Woodland Park Council Fireworks Continue To Ignite

Two more DDA resignations fuel heated showdown

Trevor Phipps

Sparks ignited again last week at a Woodland Park City Council meeting,  resulting in the definite exit of two veteran members of WP’s Downtown Development Authority, and inflaming another heated verbal debate.

Conversations got intense at times and two well-known DDA members, Elijah Murphy and Jan Wilson, called it quits.

Murphy, however, didn’t exactly leave quietly.

During the meeting, several citizens voiced their concerns over actions recently taken by the city council and other problems with the majority elected panel. The main concern dealt with city’s action with  DDA appointments and the picking of city council member Catherine Nakai who was defeated in the most recent election.


Former council candidate Don Dezellem led off the debate by citing specific concerns  he and other citizens have had, and contended that too many decisions are occurring behind closed doors. He said that the city has recently lacked transparency, especially with the recent appointments to the DDA.


Dezellem complained that no public comments were taken on the subject, and argued that the appointees were not interviewed by council. He said that any discussions that occurred to pick DDA members and a new council person must have been done outside of the public eye.


“We the citizens of Woodland Park have been denied information (about the appointees) by the lack of transparency by the council,” Dezellem said. “Remember the council represents the people, not the personal agendas of the council.”


Murphy  was next at bat.  The local business owner quickly came out swinging with more complaints about the council’s transparency. He questioned why Mayor Pro Tem Hilary LaBarre would not allow a resident to read a letter written by former DDA member Jan Wilson.


Before the scheduled meeting, there was a public hearing to remove Wilson.


“Transparency is the freedom of speech and there has been no transparency,” Murphy said. “My time is very important and when I started hearing rumors on the street that certain council members might think that Arden Weatherford (owner of BierWerks, who owns property in the Woodland Station area) does in fact deserve that land for free, against all constitutional barriers, I really began to rethink my position. Why am I offering up my hard work, my time, my efforts to people that help with the dis-functionality? With that in question I apologize to the board members that worked very hard and those that came on it honestly and decently without doing wrong things in the past, I wish them well. Because I am going to tinder my resignation to the DDA because I will not be involved in something of this nature.”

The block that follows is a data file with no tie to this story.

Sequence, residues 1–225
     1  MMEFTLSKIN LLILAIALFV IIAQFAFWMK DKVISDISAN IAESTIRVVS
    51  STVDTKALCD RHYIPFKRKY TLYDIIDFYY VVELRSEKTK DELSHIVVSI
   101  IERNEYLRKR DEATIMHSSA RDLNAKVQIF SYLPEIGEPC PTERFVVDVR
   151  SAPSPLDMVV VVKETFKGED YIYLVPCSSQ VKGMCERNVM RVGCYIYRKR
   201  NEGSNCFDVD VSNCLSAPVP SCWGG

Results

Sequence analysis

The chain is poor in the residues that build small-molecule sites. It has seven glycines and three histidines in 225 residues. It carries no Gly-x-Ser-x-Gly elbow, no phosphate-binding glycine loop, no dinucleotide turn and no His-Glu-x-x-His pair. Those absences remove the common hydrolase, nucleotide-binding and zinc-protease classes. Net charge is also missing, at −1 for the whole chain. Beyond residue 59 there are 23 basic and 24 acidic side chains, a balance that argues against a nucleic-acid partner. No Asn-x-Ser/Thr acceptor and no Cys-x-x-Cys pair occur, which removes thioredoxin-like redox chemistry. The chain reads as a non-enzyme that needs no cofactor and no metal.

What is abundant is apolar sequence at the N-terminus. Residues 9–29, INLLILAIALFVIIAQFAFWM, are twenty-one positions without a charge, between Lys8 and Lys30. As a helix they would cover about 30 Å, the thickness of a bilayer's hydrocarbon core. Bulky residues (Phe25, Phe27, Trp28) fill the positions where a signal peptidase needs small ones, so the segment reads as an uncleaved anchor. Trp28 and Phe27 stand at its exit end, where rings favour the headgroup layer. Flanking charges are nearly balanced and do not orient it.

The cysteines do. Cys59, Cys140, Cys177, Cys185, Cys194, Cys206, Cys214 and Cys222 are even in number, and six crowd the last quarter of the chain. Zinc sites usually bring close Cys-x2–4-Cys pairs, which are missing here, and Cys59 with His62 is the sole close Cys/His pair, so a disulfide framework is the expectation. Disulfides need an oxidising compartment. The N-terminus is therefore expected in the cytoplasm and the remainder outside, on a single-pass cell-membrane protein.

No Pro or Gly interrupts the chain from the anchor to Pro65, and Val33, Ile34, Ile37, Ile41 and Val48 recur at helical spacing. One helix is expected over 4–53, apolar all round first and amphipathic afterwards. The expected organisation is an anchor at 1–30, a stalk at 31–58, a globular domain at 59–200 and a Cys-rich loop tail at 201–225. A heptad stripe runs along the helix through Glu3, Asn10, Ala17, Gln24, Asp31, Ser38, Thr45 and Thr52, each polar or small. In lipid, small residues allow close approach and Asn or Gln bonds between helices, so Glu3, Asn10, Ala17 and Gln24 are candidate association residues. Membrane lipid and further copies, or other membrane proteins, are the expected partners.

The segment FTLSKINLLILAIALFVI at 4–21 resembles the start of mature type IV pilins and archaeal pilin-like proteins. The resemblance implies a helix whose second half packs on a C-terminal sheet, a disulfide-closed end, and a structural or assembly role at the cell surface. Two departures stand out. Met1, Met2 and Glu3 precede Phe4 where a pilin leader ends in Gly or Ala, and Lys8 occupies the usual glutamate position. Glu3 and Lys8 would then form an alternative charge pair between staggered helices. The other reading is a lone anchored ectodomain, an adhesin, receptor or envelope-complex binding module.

Former DDA member Tanner Coy, president of Tweeds Fine Furnishings, also blasted the council. His main target was  the appointments of Catherine Nakai to the council


“The appointment of a council member is a pretty serious activity,” Coy said. “That’s an important position that is typically elected by citizens. Mrs. Nakai ran and was not elected. You guys decided that to save $20,000 of public money, you would cut the public out of the decision entirely. When it came up on the agenda it was a bit of a surprise to many of us. Had we known, I’m here to tell you that myself and a handful of others would gladly pay $20,000 to save the citizens that financial burden, while affording them the opportunity to cast their vote and elect their representative.”


Mayor Pro Tem Defends City’s Action

Mayor Pro Tem LaBarre, though, fought back and replied to some of the allegations made by Murphy and Coy and other council critics.


She maintained that the executive session in question, held before the DDA appointments, was legal. She noted that the council is allowed to go into executive session to consult with their lawyer any time during a regular scheduled meeting. This usually occurs at the beginning or the end of a council session, based on past and current trends.


LaBarre then outlined the main reason for appointing Nakai. She said that due to Councilwoman Stephanie Alfieri’s resignation (that she ended up withdrawing), the mayor pro tem made the decision to put the matter of appointing Nakai on the agenda.


“My decision was to ask council individually, not in a secret dinner, not altogether in a group, not behind the scenes, but I asked them individually if they were comfortable with that choice,” LaBarre said. “My exact question was ‘are you comfortable to going to the person who had the second most votes behind Councilwoman Alfieri (in the November election), that’s Catherine Nakai?’ If Nakai said ‘no,’ I would have recommended we move to Don Dezellem. Because the people had spoken, council didn’t speak on those choices. The public had voted on these people and had the opportunity to vet these people. Although they didn’t win, they had a significant amount of votes from the community, more than the five of us could bring and I felt that was appropriate.”

 As for the appointment of the new  DDA members, LaBarre said she didn’t want to have public comment,  fearing this would open up the floor for personal attacks.


In an interview with TMJ, City Manager Michael Lawson also said that he did not think anything illegal had occurred with council’s actions. He said that he was not trying to withhold information to the public or media.


According to Lawson, the city officials were trying to clarify the large e-mail request made by TMJ News to save both the city and the newspaper money. He believes the e-mails requested would not show anything that proved illegal or nefarious conduct by city council.